West Central Reporter

West Central Reporter

Friday, December 13, 2019

Former educator learns life lessons as president of the Humane Society of McDonough County

Community

By Kasey Schefflin- Emrich | Jul 8, 2019

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After a decades-long career in education, Bonnie Smith-Skripps enjoys learning from the animals she cares for as president of the Humane Society of McDonough County.

“I’ve always loved animals and chose to spend my retirement volunteering at the McDonough County Animal Shelter and in leadership for the Humane Society of McDonough County,” Smith-Skripps, who held numerous roles including dean of the College of Education and Human Services, administrator and English instructor during a 35-year career at Western Illinois University (WIU) in Macomb, told the West Central Reporter. “Animals add so much to a person’s emotional and physical well-being, regardless of their stage in life. I’m amazed at how resilient dogs and cats are, and how their personalities evolve when they are in a nurturing environment where they can trust and gain confidence that they know what is expected of them. They deserve that opportunity. And they give so much back in return.”

Smith-Skripps has been president of the Humane Society of McDonough County for the last five years. She previously served as a member of the organization for several years. She has also been a volunteer at the McDonough County Animal Shelter (MCAS) since 2010.

“The Humane Society is a separate organization from the MCAS, but works with the MCAS, as well as the county board, the city, and the community to better the lives of the animals while at the shelter and to promote adoption,” Smith-Skripps said. “Most animals come into the shelter because of circumstances outside of their control and deserve to find their new forever home. There’s little better than seeing the smiles on the faces of a family or individual taking their new pet home from the shelter and the happy excitement of the dog or cat as they realize they are going to their new home.”

In addition to supporting the shelter, the Humane Society offers a low-cost spay/neuter program, assists animals in need of emergency services at McDonough County veterinary clinics through the Angel Fund and helps pets remain in their homes with their families through the Pet Food Pantry.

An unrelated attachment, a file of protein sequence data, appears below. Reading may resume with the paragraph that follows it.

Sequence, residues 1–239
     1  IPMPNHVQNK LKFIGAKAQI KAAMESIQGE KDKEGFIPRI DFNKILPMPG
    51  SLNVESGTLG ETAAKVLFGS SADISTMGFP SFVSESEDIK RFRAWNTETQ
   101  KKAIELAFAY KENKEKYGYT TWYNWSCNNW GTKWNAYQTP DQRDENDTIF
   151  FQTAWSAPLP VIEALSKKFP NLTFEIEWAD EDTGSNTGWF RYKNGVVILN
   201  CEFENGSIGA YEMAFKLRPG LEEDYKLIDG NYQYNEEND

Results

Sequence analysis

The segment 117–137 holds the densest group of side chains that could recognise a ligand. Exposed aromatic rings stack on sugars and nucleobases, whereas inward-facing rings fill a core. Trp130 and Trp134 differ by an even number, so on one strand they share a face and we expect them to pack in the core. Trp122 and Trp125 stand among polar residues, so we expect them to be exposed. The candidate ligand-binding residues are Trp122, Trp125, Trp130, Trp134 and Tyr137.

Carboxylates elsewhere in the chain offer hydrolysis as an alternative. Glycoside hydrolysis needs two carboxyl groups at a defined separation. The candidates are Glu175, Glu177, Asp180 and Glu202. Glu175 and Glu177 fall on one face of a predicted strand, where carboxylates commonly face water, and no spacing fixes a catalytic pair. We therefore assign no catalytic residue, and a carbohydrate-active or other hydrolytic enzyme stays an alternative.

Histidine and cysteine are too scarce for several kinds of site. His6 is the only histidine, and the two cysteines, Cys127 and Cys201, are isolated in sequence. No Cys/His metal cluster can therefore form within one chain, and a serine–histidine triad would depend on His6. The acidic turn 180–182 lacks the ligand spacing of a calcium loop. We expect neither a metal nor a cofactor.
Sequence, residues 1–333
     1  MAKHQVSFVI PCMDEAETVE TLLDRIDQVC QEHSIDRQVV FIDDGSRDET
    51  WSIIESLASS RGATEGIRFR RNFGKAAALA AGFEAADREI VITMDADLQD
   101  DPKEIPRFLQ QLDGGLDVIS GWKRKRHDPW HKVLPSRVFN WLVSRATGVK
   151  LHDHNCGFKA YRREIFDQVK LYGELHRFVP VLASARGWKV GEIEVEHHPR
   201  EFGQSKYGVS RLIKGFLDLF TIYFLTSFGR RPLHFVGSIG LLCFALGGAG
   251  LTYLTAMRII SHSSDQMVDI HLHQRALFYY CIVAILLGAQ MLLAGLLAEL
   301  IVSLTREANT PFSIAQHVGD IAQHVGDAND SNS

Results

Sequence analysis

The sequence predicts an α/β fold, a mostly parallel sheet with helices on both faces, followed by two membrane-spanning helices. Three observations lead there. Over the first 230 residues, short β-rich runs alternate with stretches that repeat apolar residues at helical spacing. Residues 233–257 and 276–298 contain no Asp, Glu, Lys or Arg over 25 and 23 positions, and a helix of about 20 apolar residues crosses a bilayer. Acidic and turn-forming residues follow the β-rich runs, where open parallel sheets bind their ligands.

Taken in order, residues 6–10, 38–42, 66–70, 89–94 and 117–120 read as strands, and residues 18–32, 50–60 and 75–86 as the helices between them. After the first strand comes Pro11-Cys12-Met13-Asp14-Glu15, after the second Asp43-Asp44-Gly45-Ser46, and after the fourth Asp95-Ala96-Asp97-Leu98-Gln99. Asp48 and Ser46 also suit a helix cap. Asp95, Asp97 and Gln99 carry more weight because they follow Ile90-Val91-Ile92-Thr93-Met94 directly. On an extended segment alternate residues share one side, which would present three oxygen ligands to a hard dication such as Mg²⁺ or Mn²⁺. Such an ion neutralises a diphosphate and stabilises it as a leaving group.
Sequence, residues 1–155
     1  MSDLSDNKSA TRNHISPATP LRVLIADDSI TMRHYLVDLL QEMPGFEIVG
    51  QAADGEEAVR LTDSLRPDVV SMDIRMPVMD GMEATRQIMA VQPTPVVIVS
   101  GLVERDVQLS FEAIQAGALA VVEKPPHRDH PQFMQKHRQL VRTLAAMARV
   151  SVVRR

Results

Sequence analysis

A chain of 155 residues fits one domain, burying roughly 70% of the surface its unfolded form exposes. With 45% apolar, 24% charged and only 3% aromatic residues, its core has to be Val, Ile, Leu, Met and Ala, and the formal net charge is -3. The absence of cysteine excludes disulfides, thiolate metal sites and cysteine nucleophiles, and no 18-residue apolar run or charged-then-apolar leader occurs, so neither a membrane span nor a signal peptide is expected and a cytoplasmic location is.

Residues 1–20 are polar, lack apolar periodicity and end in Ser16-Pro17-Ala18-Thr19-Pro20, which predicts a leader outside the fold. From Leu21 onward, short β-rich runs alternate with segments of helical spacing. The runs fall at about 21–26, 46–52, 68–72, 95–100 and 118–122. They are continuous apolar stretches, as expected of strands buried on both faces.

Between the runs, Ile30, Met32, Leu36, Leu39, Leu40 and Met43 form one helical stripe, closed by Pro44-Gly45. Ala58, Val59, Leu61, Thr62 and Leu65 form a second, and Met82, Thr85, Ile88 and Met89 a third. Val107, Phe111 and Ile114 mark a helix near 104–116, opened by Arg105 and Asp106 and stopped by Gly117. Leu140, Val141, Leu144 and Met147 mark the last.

“We want to promote responsible ownership of cats and dogs by building awareness of the need to spay and neuter, and the importance of treating a pet as a valued member of the household for its lifetime,”  Smith-Skripps said. “We want to assist families or individuals in financial duress to keep their pets with them.”

Smith-Skripps hopes to be able to help more animals in the future with the Humane Society’s recent launch of a fundraising campaign to build a new shelter.

“The current shelter was built in the early 1980s and is feeling its age with infrastructure problems and insufficient space,” she said. “A new animal shelter building will be a great addition to the community and further its care for needy animals. The animals will be housed in a facility that will better guard their health and emotional well-being. The public will have a better environment in which to get acquainted with potential pets and learn more about pet care and training.”

Smith-Skripps was raised on a farm in Warren County and has been a resident of Macomb since 1971. She holds a bachelor’s degree and master’s degree in English education, and an educational specialist degree in educational administration from WIU. She also holds a PhD in education administration from Southern Illinois University.

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